Whether it’s battling the grotesque Pig Butcher, trudging through the mud as Nacken chases behind, or stabbing Skogsra’s face as many times as you deem fit. These moments make the player feel something. Whether it be fear, pity, regret, or bloodlust. When a game that largely exists without dialogue manages to extract these strong emotions from the player, it’s an indicator that the narrative is something special, and that is definitely the case here.
A Slow Burn
So far, pretty much perfect, right? Well, while it’s not a common issue with developers, occasionally, you will see a game that gets so caught up in telling a compelling story and designing a stunning world, that they forget to make the game as fun as it possibly can be.
It’s usually the inverse, but this is a trap that Bramble falls into on more than one occasion. I will get to what the game does well from a gameplay perspective, but much like all those that play this game, I need to get through the game’s beginning first, because it’s enough to put even the most patient gamer off progressing.
Bramble opens up slowly, which is understandable as the initial period serves as a silent and seamless tutorial of sorts. Plus, the game needs to build slowly from a narrative perspective to make the player care about the characters in question. I’m not naive to that, believe me.
However, what I simply cannot get behind is the choice to have practically an hour of gameplay that offers nothing more than a series of patronizingly easy and devastatingly boring mini-games, followed by very basic platforming. Honestly, not until you beat the first boss does the gameplay really start to get interesting.
That being said, when this happens, things do get more exciting, with chapters that are broken up into puzzles, platforming, and usually a boss battle at the end to really challenge the player. Speaking on a positive note, the puzzles are well-designed in the sense that players are never given hints or funneled through sections, yet the puzzles never feel obtuse or frustrating.
Through exploring, and examining the world around you for clues, the player will be able to have that eureka moment, and feel like a genius for a second. Which is all you can really ask for from a puzzle.
Then the same can be said of boss battles. Through trial and error, memorization of sound cues, or through close examination of the battlefield, you’ll be able to work out how to reveal a weak spot, or carve out an opening to escape. These are the moments from a gameplay perspective where the game shines, but it’s the moments in-between that pull this game down.
Bit of a Shambles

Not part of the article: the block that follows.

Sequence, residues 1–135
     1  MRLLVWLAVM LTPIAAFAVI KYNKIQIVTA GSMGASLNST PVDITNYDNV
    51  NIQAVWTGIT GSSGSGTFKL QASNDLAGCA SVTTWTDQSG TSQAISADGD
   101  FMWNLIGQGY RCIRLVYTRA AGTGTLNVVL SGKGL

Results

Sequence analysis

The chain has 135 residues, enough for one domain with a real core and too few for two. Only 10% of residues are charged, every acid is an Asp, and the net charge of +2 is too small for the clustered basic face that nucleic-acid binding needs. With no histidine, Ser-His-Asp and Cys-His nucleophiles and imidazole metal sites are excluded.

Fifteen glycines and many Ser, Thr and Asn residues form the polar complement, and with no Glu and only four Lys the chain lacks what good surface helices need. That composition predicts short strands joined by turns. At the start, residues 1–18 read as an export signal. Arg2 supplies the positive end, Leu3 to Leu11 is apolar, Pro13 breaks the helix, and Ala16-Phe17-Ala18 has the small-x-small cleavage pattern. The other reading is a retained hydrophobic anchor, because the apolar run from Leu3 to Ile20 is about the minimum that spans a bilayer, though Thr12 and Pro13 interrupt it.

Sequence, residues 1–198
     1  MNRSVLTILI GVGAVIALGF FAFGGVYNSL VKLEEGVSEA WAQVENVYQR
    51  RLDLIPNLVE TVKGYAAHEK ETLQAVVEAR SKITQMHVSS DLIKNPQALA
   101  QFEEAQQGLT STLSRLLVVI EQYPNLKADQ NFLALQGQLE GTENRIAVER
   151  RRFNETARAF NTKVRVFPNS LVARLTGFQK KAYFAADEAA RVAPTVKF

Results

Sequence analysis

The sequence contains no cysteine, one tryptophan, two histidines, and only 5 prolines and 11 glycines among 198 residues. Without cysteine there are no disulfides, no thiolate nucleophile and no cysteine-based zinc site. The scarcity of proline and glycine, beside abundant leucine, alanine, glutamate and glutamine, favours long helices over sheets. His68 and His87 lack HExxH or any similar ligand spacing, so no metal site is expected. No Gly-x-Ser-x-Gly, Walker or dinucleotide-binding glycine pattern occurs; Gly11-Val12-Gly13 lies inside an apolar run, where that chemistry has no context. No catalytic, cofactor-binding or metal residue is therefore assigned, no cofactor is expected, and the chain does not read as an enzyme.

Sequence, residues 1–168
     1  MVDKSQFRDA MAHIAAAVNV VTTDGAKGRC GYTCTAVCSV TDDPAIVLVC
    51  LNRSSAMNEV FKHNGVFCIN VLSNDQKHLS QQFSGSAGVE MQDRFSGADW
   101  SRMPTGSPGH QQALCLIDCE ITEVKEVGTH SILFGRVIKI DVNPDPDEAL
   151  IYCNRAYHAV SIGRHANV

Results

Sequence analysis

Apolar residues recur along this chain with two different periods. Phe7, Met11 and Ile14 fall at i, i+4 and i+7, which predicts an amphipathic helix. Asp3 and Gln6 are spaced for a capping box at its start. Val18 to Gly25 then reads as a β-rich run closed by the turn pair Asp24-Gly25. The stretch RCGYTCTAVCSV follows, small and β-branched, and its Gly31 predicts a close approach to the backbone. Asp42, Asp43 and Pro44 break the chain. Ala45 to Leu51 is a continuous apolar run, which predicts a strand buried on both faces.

While the game is competent in just about every department, the gameplay is definitely the weakest aspect of Bramble The Mountain King. Not because it is particularly offensive, buggy, or poorly handled, but more because we have seen it all before. It’s almost impossible to avoid comparisons to Little Nightmares or Inside when reviewing this game, and believe me, if I could have, I would have.
However, due to a variety of platforming sections, bosses, and set pieces that borrow ideas from these relatively old titles, it’s hard to avoid such a thing. I won’t go as far as saying that some sections feel antiquated, but they don’t do anything to push this niche avenue of gaming forward.
To be a little more specific, the pulsing soundwaves from Nacken are reminiscent of Inside’s air force blast section. Or you could argue that the section where you must use a Gnome as bait for the creature in the mutilated organs is the same as the Shoe Room in Little Nightmares. I could offer more examples, but the point is, this was something that I kept realizing as I played further into this title, and while Bramble’s sections were just as well implemented, it’s very hard to heap praise on borrowed ideas.
Though, even if I put this notion to one side, I still found the game lacking in some areas. Firstly, the game’s platforming does have that quintessential ragdoll floatiness that I love. However, it seems that, at times, the game doesn’t give the player enough room for error, leading to cheap deaths, and the same can be said of some boss battles too, which almost require players to die to succeed. However, none of this is as poorly implemented as the throwing/aiming mechanics. This feature feels so poorly optimized and sensitive that being accurate feels like a potluck at times.
This would all be easy to overlook if the game didn’t ask 100% completionists to beat the game without dying, and you can’t even reload saves, preventing save-scumming. Take note, developers, a surefire way to piss me off is to lock a relatively simple platinum behind one standout, near-impossible trophy.